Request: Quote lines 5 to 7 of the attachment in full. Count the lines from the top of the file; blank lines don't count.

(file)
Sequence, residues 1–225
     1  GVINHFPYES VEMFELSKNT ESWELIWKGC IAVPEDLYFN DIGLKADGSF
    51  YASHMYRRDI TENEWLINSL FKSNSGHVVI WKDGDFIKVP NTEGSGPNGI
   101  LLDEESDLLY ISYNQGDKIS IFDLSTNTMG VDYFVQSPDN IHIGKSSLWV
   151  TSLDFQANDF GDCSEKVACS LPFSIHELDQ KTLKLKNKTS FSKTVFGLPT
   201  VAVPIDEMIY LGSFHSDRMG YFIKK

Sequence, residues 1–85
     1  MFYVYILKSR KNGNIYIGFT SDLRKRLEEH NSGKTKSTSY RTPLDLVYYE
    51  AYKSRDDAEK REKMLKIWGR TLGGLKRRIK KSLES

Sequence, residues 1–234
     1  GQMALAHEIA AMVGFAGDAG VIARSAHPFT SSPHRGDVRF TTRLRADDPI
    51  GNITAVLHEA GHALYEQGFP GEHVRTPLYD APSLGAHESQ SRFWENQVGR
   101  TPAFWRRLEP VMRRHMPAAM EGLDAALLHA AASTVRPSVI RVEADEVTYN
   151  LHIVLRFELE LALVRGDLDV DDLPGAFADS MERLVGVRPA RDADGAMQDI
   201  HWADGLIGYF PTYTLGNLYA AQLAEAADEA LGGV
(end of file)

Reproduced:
   151  TSLDFQANDF GDCSEKVACS LPFSIHELDQ KTLKLKNKTS FSKTVFGLPT
   201  VAVPIDEMIY LGSFHSDRMG YFIKK

Sequence, residues 1–85